LadyMuck Thu 11-Sep-08 17:56:10

That's why you assess them at an interview, look at their references and use a trial period, and in general use your instincts as a parent to choose someone who would work best in your household.

If your course was crap then why does it make you a "better" childcare provider than if you didn't have the qualification?

And if someone is instinctively crap at childcare, then do you really think that the course would have transformed them?

If not, then the fact that you have this qualification doesn't really mean a lot does it?

LadyMuck Thu 11-Sep-08 17:57:41

Would you have been happy leaving say a 2yo with either of the girls on your course who had no experience (other than the course)?

MilaMae Thu 11-Sep-08 18:08:12

Tough question probably not but knowing Ofsted had done pretty rigorous checks on them would make me feel happier than leaving them with somebody who hadn't ie a nanny who hadn't had health checks,enhanced CRB,paed 1st aid etc.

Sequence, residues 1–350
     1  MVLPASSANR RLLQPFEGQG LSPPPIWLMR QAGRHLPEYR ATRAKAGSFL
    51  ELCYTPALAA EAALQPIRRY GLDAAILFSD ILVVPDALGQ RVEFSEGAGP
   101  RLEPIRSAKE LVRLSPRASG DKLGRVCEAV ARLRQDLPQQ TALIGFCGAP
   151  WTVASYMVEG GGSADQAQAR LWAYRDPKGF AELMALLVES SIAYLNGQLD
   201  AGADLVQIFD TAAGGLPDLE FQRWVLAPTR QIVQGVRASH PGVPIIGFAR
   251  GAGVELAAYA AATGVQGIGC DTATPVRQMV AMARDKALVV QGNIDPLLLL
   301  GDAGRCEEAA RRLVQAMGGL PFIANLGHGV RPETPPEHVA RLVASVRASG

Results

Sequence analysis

I'm aware the vast majority of nannies are great and there must be many childminders who aren't but just feel the currant situation re nannies just isn't good enough.

AtheneNoctua Thu 11-Sep-08 18:14:19

As a nanny employer I am adomately opposed to compulsory licensing/qualifications for nannies. I am far more qualified to decide what skills my nanny needs than the government is.

They have proven this with the introduction of these silly new EYFS requirements. For example, DS is starting at the nursery which is attached to the primary where DD goes. She is in year 1. For DS, they are going to send a book home with him every Friday which we are to read to him. They did not do this when DD was in the nursery so presumably it is part of EYFS. Do think my 3 year old is going to read by the end of nursery? Does he need to? Personally, I prefer a bit more focus on how to properly ram the trains together. He is 3! Besides, we read books all the time. This really didn't need formalising. I wonder if I'll have to write book reports for him?

MilaMae Thu 11-Sep-08 18:17:57

You are Athene but not all parents are.

SunshineSmith Thu 11-Sep-08 18:19:07